• 40. Essential Standards that Relate to Alignment <ul><li>A statement introduces the student to the course and the structure of the student learning </li></ul><ul><li>Navigational instructions make the organization of the course easy to understand. </li></ul><ul><li>Learning activities foster interaction: </li></ul><ul><ul><li>instructor-student </li></ul></ul><ul><ul><li>content-student </li></ul></ul><ul><ul><li>student-student (if appropriate) </li></ul></ul><ul><li>Clear standards are set for instructor response and availability </li></ul>
    • 41. Other Essential Standards <ul><li>Assessment strategies should provide feedback to the student </li></ul><ul><li>Grading policy should be transparent and easy for the student to understand </li></ul><ul><li>Implemented tools & media should support learning objectives and integrate with texts and lesson assignments </li></ul><ul><li>The course acknowledges the importance of ADA compliance </li></ul>
    • 42. <ul><li>Quality Matters Outcomes </li></ul>
    • 43. Impact on Faculty Support <ul><li>Nationally, 89% of respondents would recommend the QM review process to others </li></ul><ul><li>Sample comments </li></ul><ul><ul><li>I was too close to see what could be improved. </li></ul></ul><ul><ul><li>Provides a great way to get an objective view of your course. </li></ul></ul><ul><ul><li>It made all of my online courses better. </li></ul></ul><ul><ul><li>It provides a view from a more student-oriented perspective. </li></ul></ul><ul><ul><li>It provides a look into potential student problems areas for course completion. </li></ul></ul><ul><ul><li>Many elements that might contribute to a student withdrawing can be eliminated. </li></ul></ul>
    • 44. Common Areas for Improvement (2006-2007, based on 95 reviews) Area Identified % Purpose explained for ea. course element (IV.3) 32% Navigational instructions (I.1) 32% Links to academic support, student services, tutorials/resources (VII.2-VII.4) 32-33% Technology/skills/pre-req. knowledge stated (I.6) 35% Clear standards for instructor availability(V.3) 37% Alternatives to auditory/visual content (VIII.2) 39% Instructions to students on meeting learning objectives (II.4) 40% Self-check/practice with quick feedback (III.5) 42% Learning objectives at module/unit level (II.2) 45%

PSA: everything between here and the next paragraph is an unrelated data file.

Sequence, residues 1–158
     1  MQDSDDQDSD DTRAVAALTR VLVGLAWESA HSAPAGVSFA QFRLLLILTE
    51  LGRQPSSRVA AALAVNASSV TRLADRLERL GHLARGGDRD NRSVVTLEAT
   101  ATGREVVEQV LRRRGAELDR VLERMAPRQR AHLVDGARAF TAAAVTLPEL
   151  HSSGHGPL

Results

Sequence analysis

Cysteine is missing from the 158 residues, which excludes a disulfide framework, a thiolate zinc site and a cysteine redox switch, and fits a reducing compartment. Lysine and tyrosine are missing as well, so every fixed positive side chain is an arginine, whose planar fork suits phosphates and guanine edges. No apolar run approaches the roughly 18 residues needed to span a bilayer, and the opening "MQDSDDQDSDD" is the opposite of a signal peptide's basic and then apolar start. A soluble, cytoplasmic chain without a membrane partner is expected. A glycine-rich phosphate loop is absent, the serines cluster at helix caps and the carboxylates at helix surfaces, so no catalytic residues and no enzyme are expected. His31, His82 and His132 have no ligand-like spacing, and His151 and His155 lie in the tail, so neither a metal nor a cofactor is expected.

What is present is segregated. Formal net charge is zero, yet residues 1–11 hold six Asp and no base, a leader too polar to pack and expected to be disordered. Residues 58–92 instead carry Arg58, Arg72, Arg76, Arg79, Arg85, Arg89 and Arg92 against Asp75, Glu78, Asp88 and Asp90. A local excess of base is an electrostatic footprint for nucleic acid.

• 45. Other Uses of the QM Rubric <ul><ul><li>Internal review processes </li></ul></ul><ul><ul><li>Blended education quality assurance programs </li></ul></ul><ul><ul><li>Guidelines for online course development </li></ul></ul><ul><ul><li>Checklist for improvement of existing online courses </li></ul></ul><ul><ul><li>Faculty development/training programs </li></ul></ul><ul><ul><li>Institutional distance learning policies </li></ul></ul><ul><ul><li>An element in professional accreditation </li></ul></ul>
    • 46. Activity <ul><li>Review the QM rubric and identify at least 2 ways in which you could use it </li></ul><ul><ul><li>A specific area that you could revise or create in the rubric </li></ul></ul><ul><ul><li>A process that you could implement to assure quality </li></ul></ul><ul><ul><li>Other </li></ul></ul>
    • 47. Resources
    • 48. Blended Learning Resources <ul><li>Blended Learning professional organizations and associations that support or are indirectly or directly related to the blended/hybrid instructional delivery model. </li></ul><ul><li>Sloan-C </li></ul><ul><ul><li>Workshops </li></ul></ul><ul><ul><li>Conferences </li></ul></ul><ul><ul><li>Resources </li></ul></ul><ul><li>EDUCAUSE </li></ul><ul><ul><li>Resources </li></ul></ul><ul><ul><li>Conferences, Seminars, and Institutes </li></ul></ul><ul><li>EDUCAUSE Learning Initiative </li></ul><ul><ul><li>Conferences and meetings </li></ul></ul><ul><ul><li>Resources </li></ul></ul>
    • 49. Learner Success
    • 50. Instructor Success
    • 51. Blended Pitfalls
    • 52. Revising the Map <ul><li>Pull out blended course map from Monday </li></ul><ul><li>Review your blended course </li></ul><ul><li>Further develop how students will transition from classroom, online and the integration between the two </li></ul><ul><li>Consider tools and strategies </li></ul><ul><li>Present this sequence to the group </li></ul>
    • 53. Your Questions
    • 54. FPG Assessment/Evals <ul><li>FPG Evaluation (must complete to receive FPG) </li></ul><ul><li>FPG Assessment (must complete to receive FPG) </li></ul>